Motoring journalists don’t really like to admit it, but most of the stuff they write about are things the public couldn’t give a stuff about. Like engines. Like the Nissan Qashqai. Like the engines in the Nissan Qashqai.
Here is a car that hardly needs to be written about at all. We forget now, about 14 years since the launch of the first version, what a highly significant car it is.
Like the original Mini in 1959 or the Volkswagen Golf in 1974 or the Renault Espace in 1984, it created and defined a market segment which it went on to dominate, as “first mover” for many years after.
The Qashqai, as a hatch/SUV “crossover” did just that, and the company has wisely evolved the original shape and concept in this second generation model. Plus it is made in Britain (still).
It was a big gamble for Nissan to stop, as they did, selling traditional hatches and saloons in favour of this bold new direction, but it paid off, and the public takes the entire thing for granted.
They don’t really care that Nissan were the ones who took that brave innovative step before everyone else followed.
Nor, I’m thinking, will Joe Public be all that much bothered by the new 1.3l petrol engine that Nissan and partners Renault (your remember that – the Carlos Ghosn thing?) have slotted beneath the Qashqai’s handsomely sculpted bonnet.
My, you might not even realise that such a radical change has even taken place.
So let me tell you – bore you even – about bore spray coating. Here, using a plasma torch, a fine film of very hard steel is sprayed on the shafts of the cylinders to enhance heat conductivity during combustion.
Let me add, too, that they’ve developed a new “triangular” cylinder head with the full injectors placed centrally, the better to burn your precious fuel efficiently.
There’s a new turbo design too, meaning a little extra power from that source, itself a significant “boost” to performance for a given consumption of petrol. May I also point out the new rocker arms with hydraulic guidance, replacing traditional tappets, which means less noise and greater smoothness?
Price: £25,025 (as tested, starts at £19,995)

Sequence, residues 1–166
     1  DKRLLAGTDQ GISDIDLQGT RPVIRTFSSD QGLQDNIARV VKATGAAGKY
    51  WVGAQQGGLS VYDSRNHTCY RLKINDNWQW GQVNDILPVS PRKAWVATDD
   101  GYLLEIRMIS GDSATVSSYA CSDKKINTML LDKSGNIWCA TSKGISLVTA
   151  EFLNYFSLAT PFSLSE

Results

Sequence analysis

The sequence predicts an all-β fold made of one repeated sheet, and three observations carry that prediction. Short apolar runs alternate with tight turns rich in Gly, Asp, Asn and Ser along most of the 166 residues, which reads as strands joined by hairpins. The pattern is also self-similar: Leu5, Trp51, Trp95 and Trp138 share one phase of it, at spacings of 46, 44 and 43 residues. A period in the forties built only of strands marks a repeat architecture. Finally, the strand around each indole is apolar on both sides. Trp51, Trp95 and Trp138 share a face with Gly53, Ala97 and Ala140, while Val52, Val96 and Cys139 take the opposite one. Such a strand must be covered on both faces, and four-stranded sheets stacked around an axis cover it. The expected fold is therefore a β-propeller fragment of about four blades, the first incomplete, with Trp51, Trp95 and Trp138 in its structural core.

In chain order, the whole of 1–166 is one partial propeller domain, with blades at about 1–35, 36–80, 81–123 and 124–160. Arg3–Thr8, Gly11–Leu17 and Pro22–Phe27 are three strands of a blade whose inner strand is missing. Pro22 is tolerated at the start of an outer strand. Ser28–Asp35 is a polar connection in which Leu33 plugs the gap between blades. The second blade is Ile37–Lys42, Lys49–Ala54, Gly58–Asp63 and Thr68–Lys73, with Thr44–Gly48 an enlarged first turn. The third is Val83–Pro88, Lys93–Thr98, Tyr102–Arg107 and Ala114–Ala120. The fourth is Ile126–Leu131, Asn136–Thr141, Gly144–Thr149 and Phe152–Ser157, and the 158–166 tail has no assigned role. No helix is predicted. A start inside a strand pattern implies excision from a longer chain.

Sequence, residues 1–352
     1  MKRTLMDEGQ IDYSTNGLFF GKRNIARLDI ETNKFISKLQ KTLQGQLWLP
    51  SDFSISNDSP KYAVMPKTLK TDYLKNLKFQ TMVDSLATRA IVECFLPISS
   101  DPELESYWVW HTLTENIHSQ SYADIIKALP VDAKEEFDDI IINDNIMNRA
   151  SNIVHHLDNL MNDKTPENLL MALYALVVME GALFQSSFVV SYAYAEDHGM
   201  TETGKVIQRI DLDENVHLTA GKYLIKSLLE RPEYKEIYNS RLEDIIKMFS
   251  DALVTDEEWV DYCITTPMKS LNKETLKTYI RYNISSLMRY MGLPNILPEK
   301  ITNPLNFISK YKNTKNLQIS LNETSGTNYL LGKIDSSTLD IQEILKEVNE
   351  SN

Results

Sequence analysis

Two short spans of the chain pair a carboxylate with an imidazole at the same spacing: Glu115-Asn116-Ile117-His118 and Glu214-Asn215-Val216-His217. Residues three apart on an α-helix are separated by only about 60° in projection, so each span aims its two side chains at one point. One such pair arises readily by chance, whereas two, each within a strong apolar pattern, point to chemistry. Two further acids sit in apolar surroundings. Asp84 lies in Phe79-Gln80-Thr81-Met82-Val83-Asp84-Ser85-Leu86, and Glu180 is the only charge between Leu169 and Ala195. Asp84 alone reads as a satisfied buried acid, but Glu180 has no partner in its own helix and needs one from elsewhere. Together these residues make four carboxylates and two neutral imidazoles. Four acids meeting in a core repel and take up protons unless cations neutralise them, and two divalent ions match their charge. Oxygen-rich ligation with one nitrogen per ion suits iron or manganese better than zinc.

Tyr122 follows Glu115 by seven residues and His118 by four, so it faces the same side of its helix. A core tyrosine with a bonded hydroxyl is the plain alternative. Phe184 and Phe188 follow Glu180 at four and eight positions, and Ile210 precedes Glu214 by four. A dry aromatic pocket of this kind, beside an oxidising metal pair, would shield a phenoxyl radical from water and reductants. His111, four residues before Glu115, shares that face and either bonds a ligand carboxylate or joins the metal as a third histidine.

Engine: 1.3l 4-cylinder diesel; 6-speed manual
Power output (PS@rpm): 140@5,000
Top speed (mph): 120
0 to 60 (secs): 10.5
Fuel economy (mpg): 53.2
CO2 emissions (g/km): 121
And the fuel is injected into this gem of an engine at a rather higher pressure than before, again aiding efficiency – a given level of acceleration and top speed for less fuel and cost, other things being equal.
Now, there are two more comprehensible things I can add to all that, for your benefit. First is that, on initial impressions it is a highly impressive installation.
Both companies – Renault and Nissan – have a very respectable history in engine design, and this new unit gives the Qashqai an even livelier, more willing feel than it boasted before.
The benefits come in acceleration at higher speeds, rather than from rest, which means that it will be an even more refined motorway cruiser. On the way to such cruising speeds it will rev so easily you can shift gears two at a time, and in sixth the Qashqai does offer a very refined experience, for the cash.
It’s great to drive, adding a bit of edge to the Qashqai’s basically softy, not so sporty, personality. The interior in my middle-spec (ie cheaper) manual model in “Connecta” trim was just right – easy to use cruise control; a clear, small sat nav screen; and a blind spot warning system.
It’s a tiny bit dated, compared to the new generation stuff from the VW group (such as the T-Roc or Seat Arona/Ateca) but far from offensively so. My only grumble was the “auto hold” parking brake. This turns the electric “handbrake” on when you stop and is supposed to release it when you start off again. But sometimes it is a little reluctant to “let go”, so you have to rev it up or else stall.
Don’t forget, by the way, when speccing your Qashqai or picking a used example, to always go for the fat tyred, smaller wheel options – they are a far better ride and have superior fuel economy.
My second piece of advice can be summed up as: “trust no one”. I loved the Qashqai 1.3 – but I only drove it for a week.
The problem with engine innovations – novel cylinder linings, super- and turbo-charging small capacity units, three cylinders rather than four, the whole diesel thing, new alloys for the block or heads and the like is that they take many years to prove themselves.
Even the most prestigious names in the business have fallen foul of faulty engineering where the flaws only show up under real-world conditions, and after some years. Indeed it is quite hard to think of a brand that hasn’t, at one time or another, let its customers down very badly because fitting a new engine to older cars is often such an uneconomic proposition.
So I would always advise anyone to approach such innovations with caution and to opt for the tried and trusted version before sufficient time has passed to accept the new engine design with confidence.
As I say, those clever engineers botch things surprisingly often, given the importance of the project. That’s one thing every car buyer should take some interest in.